In focus: domestic implementation of universal norms

A major thematic focus of the Group in its second biennium is domestic implementation of universal norms

Strengthening the on-the-ground domestic implementation and impact of international human rights obligations, commitments and recommendations is a key priority for URG’s work. The URG seeks to strengthen universal human rights norms, improve the efficiency and effectiveness of international human rights institutions, and translate universal norms into the local human rights reality through better implementation.

Our projects

National Mechanisms for Implementation Reporting and Follow-up (NMIRFs)

How do States transpose international human rights recommendations into local reality, and how to measure progress?

This project adopts a ‘bottom-up’ approach to understanding how, and to what extent, States implement international human rights obligations and recommendations at domestic level, and seeks to replicate good practice and provide counsel to UN mechanisms and processes designed to support domestic implementation (e.g. follow-up and capacity-building processes).

The role of national parliaments

Over recent years, a clear focus of discussions around the evolving position of parliaments in the universal human rights system has been their role in the implementation, by States, of international human rights obligations and commitments. As part of a wider global ‘human rights implementation agenda,’ the IPU, the UN and the Commonwealth have each taken important steps to assert the role of parliaments, especially parliamentary human rights committees, in a systemic manner throughout the international human rights ‘implementation-reporting cycle.’ This means leveraging parliaments’ legislative, oversight and budgetary roles to support the effective domestic implementation of the recommendations of the UN’s human rights mechanisms, the transparent monitoring of progress, and objective and balanced international reporting.

The role of international development partners

Together with the Government of Norway and rotating host countries, the URG has launched the Oslo-meeting process, which brings together governmental human rights policy experts and development policy experts, as well as other development actors to discuss the latest developments in the intersectionality of the two policy fields.

In the past these one-day meetings have explored the role of multilateral and bilateral development partners in supporting States, in particular developing States, implement the recommendations of the UN’s human rights mechanisms (Treaty Bodies, Special Procedures, and the Universal Periodic Review); thereby strengthening State compliance with their international human rights obligations and commitments, and (by extension) making a major contribution to the achievement of the 2030 Agenda and the Sustainable Development Goals (SDGs), leaving no one behind.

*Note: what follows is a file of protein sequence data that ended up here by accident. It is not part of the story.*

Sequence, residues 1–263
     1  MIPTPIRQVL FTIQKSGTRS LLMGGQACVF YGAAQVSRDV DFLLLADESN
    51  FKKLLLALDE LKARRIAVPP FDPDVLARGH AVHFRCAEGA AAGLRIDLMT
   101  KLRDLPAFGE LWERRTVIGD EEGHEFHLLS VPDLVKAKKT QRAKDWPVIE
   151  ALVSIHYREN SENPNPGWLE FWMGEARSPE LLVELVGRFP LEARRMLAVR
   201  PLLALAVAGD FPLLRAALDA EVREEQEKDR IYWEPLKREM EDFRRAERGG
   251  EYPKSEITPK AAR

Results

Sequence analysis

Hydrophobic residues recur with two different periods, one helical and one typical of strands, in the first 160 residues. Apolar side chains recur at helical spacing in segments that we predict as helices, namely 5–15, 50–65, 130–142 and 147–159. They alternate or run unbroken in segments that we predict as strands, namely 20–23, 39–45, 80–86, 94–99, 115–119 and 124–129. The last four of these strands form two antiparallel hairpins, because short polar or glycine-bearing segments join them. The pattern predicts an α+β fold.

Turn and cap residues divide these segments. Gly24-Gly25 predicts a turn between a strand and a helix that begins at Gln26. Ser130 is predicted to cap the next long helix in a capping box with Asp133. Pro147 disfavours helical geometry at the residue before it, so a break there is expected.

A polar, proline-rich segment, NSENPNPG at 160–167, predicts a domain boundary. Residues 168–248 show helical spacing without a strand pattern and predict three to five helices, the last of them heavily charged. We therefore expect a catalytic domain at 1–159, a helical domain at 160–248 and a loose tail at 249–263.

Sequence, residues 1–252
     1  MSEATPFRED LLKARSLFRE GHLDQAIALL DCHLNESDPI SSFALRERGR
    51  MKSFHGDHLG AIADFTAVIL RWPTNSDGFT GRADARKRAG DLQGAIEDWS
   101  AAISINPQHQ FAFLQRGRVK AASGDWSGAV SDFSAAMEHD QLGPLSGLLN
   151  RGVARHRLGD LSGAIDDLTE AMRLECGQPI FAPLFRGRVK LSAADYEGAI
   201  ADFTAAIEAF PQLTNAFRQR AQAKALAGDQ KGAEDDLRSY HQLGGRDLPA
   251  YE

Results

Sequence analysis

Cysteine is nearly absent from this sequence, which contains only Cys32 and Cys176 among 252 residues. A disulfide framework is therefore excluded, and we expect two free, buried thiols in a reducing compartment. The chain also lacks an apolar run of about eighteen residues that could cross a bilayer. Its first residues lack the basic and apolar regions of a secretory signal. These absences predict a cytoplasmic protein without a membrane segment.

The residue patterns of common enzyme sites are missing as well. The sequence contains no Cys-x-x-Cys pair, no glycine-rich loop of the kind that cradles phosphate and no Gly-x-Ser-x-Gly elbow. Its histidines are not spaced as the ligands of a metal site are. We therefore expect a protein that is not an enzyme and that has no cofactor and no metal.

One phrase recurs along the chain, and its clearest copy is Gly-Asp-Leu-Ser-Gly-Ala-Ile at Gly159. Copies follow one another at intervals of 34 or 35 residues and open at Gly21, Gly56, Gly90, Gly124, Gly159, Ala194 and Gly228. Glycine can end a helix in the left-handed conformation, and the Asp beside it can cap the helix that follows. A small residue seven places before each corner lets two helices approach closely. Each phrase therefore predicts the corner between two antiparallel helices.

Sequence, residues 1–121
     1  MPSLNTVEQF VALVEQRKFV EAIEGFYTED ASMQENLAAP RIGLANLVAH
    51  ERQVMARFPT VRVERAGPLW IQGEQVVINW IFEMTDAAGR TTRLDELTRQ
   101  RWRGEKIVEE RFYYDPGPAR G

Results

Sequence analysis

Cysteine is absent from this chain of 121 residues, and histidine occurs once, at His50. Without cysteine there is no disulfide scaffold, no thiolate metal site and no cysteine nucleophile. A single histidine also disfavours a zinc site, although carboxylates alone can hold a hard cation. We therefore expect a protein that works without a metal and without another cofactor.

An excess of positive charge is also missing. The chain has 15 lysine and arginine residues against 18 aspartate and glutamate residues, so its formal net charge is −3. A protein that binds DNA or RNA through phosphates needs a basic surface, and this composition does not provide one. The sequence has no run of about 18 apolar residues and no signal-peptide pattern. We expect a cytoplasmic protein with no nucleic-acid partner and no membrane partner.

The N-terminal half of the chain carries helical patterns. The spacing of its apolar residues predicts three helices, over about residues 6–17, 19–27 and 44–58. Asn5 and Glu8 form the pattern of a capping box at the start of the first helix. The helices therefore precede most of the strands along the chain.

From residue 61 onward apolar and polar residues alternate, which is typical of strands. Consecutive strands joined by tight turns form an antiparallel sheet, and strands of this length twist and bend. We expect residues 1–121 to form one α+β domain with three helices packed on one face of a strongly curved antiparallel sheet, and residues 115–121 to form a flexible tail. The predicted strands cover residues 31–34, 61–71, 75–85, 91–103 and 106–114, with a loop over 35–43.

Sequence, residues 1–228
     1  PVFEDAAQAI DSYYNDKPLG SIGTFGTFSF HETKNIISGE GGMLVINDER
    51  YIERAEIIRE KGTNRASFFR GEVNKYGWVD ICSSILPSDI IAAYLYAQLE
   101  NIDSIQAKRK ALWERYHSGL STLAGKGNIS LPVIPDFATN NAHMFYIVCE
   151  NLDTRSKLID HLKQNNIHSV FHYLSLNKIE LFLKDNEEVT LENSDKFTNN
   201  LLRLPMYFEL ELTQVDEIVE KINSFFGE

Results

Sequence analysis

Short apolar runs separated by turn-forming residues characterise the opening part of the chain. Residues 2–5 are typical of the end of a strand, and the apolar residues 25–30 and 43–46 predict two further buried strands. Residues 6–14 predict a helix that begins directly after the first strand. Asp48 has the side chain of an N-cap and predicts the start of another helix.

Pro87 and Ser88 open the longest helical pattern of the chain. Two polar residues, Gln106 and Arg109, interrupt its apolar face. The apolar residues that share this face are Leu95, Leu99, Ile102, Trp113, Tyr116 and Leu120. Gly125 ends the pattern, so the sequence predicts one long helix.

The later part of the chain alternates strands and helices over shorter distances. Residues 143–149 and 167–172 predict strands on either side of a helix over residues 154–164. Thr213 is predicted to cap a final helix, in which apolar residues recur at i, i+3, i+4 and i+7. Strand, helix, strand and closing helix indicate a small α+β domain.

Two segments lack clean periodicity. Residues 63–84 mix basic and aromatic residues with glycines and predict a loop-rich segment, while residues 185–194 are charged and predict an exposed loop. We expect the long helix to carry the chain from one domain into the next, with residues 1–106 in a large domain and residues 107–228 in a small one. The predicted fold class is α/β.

The key points and outcomes of these discussions are captured in policy briefs which can be consulted on the project page.

Clustering and integrated implementation

The Universal Periodic Review (UPR), Treaty Body system and Special Procedures mechanism are supposed to be complementary and mutually reinforcing. But is this proving to be the case in practice?

This project aimed to identify and understand the ways in which the three processes are complementing and supporting each other. It looked at the relationship between recommendations produced by the three mechanisms, and also at what impact UPR has had on Treaty Body reporting and Special Procedures engagement. The project, taking this analysis into account, proposed ways in which the interaction of the three processes might be strengthened.

Measuring change and impact

In 2020-2021, URG will work with the Human Rights Measurement Initiative to develop a user-friendly web-portal called ‘The state of the world human rights report,’ covering every country that has ever been a member of the Human Rights Council. For the first time ever, the portal will allow users to look at the real-world enjoyment of a wide range of human rights across over a hundred States – to track progress or backsliding. Crucially, this will make it possible (again for the first time) to attempt to answer the following question: is the global human rights situation getting better or worse? Once a year, URG will then publish key trends from the web portal, together with case studies ‘digging down’ to understand the stories behind key trends, in an annual (printed) ‘State of the world human rights report.’ This will be published each December and launched at events in Geneva and New York.